Orange Goblin Announce Dec. UK Tour Dates

Posted in Whathaveyou on May 8th, 2020 by JJ Koczan

On the heels of their just-issued Assignment Help» Assignment Services » Do My Assignment; Thinking About “blog link For Me?” We Can! Scholars pursuing graduation, post Rough & Ready, Live & Loud (discussed here) digital live release, UK doom rock stalwarts and emergent social media masters And thus, lots of Computer Science students come to our website to say- http://www.naur-sir.dk/?research-essay-unit-plan. Computer Science means more than mere programming. Almost all the subjects present you with some introduction theory; however, the professors want a realistic application of every concept. The projects on Computer Science always need you to be adept with minimum one language of programming. Orange Goblin have announced their annual run of UK December shows for 2020. And hey, we all know the deal, right? These shows will happen so long as anything is happening. If the lockdown continues that long — and it very well might — then it goes without saying that the shows won’t happen. But hell’s bells, even a theoretical return to some kind of normalcy is welcome, and at this point, I’m just happy to see a list of tour dates, whether they come to fruition or not.

In addition to the live record and the tour, If you are interested in hiring a dissertation writing service Best i need an dissertation writier don#39t writing industry, then UK-Dissertation Orange Goblin have been holding Zoom Q&A sessions with the whole band, as well as playthrough videos with guitarist Acadustri provides expert http://bursadacicek.com/?custom-essays-not-plagarized and solutions including training and consultancy for pharmaceutical and academic research institutions. Joe Hoare and other such interactive whatnot. It’s encouraging to know that, though they could’ve in no way imagined this would be how they’d mark 25 years as a band, they’re making the most of the situation.

Here’s their post about the tour:

orange goblin uk tour

ORANGE GOBLIN – TOUR ANNOUNCEMENT

We are pleased to announce new headline tour dates for December 2020

As you know we are celebrating the 25th anniversary of Orange Goblin, and we’re happy to announce our December headline tour of the UK and Ireland culminating in two very special shows at London’s The Underworld.

Ben explains:
“The world is a very strange place at the moment and we are all affected by the current Covid-19 pandemic. No one knows what the future holds and when we will get back to playing shows but we are very happy to announce that this December, Orange Goblin will (hopefully) be touring the UK to celebrate our 25 Year Anniversary.

Obviously people’s safety is the main concern for us but we wanted to get these dates out there as it’s been eating away at us for a while now and we hope that having something to look forward to will bring a tiny bit of hope and happiness into everyone’s lives right now”

Orange Goblin 25th Anniversary Tour – December 2020

Fri 11 – Dublin, Grand Social
Sat 12 – Belfast, Limelight 2
Mon 14 – Glasgow, King Tuts
Tue 15 – Manchester, Gorilla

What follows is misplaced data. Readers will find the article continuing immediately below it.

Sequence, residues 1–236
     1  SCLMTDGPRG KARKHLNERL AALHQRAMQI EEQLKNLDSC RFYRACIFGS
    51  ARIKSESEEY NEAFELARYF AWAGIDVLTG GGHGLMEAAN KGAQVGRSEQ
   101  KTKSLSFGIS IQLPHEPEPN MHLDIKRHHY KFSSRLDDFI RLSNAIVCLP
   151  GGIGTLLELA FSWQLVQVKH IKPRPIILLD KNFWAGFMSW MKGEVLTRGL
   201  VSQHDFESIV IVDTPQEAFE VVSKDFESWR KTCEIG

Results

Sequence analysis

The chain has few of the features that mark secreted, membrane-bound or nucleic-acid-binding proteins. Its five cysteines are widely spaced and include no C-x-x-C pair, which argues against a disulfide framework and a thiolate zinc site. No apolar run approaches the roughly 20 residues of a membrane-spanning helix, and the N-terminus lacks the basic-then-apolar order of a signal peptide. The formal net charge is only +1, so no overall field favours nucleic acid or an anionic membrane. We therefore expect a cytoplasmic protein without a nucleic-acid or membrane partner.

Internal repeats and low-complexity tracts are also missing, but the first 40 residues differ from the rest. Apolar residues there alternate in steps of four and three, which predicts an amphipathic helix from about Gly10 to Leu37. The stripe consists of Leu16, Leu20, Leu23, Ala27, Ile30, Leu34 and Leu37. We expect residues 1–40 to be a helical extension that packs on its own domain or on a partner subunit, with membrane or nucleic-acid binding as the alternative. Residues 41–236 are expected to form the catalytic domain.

Wed 16 – Birmingham, Asylum
Thu 17 – Cardiff, The Globe
Fri 18 – London, The Underworld
Sat 19 – London, The Underworld

December tour tickets are now on sale via https://bit.ly/35BHiGv – looking forward to seeing everyone on these dates and celebrating 25 years of Orange Fucking Goblin Baby!

Don’t forget you can still grab the new live record ‘Rough & Ready, Live & Loud’ via Bandcamp at https://bit.ly/3cMTK8q – comes with an exclusive bonus track and digital booklet!

https://www.facebook.com/orangegoblinofficial/
https://twitter.com/OrangeGoblin1
https://www.instagram.com/orangegoblin1/
http://www.orange-goblin.com/
https://www.facebook.com/spinefarm
www.spinefarmrecords.com/

Orange Goblin, Rough & Ready, Live & Loud (2020)

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Friday Full-Length: Orange Goblin, Rough & Ready, Live & Loud

Posted in Bootleg Theater on May 1st, 2020 by JJ Koczan

Are you looking for Cultural And Civilization In Heart Of Darkness? Get online letter expert writing service when you click here. Live and Loud was the name of an Formal read review provided by myassignmenthelp.net at affordable price. Ozzy Osbourne live album, and sure enough, it’s only a couple songs into the newly-issued online help for geometry homework follow sites master thesis frozen food belgium help on dissertation risk management Rough & Ready, Live & Loud before vocalist We are leading writing service of Australia with team of writers ready for any "Sample Film Business Plan for me" requests to write the best essays for you. Get 15% OFF! Ben Ward unleashes his inner see url from our reputable company at any time convenient for you! Our talented writers will compose a fascinating piece of writing for you. Be sure Ozz, urging the crowd to go fucking crazy, have the best fucking night together, are you with me?, and all the rest of it. Awesome. The 13-track compilation of recordings from between 2016 and 2019 arrives — today — in time to take advantage of Bandcamp waiving the fees they generally collect from album sales in an effort to support artists affected, as everyone inevitably has been, by the COVID-19 pandemic. This is the second time Bandcamp have done it, and with a bit of advance notice and the experience of last time, bands seem to be giving it a significant push. For good reason. I know something like one in six Americans is currently out of work, but if you can spend some time kicking around Bandcamp today and spend a little cash, it’s a good day for it.